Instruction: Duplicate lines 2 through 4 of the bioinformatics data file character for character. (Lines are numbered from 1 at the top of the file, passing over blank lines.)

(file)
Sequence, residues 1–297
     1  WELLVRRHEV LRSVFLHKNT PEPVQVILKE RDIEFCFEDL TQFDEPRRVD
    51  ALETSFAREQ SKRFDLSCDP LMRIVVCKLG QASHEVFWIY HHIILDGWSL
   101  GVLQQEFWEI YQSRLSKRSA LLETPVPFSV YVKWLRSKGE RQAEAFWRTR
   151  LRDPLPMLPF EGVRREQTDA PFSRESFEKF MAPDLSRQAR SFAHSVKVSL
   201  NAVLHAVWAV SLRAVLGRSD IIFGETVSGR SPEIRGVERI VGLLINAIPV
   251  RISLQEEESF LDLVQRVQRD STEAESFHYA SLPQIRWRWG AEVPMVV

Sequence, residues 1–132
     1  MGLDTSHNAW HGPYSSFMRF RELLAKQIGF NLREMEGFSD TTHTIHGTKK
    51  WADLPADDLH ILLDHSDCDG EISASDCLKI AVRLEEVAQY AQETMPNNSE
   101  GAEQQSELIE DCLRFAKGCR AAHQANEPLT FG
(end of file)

     1  WELLVRRHEV LRSVFLHKNT PEPVQVILKE RDIEFCFEDL TQFDEPRRVD
    51  ALETSFAREQ SKRFDLSCDP LMRIVVCKLG QASHEVFWIY HHIILDGWSL
   101  GVLQQEFWEI YQSRLSKRSA LLETPVPFSV YVKWLRSKGE RQAEAFWRTR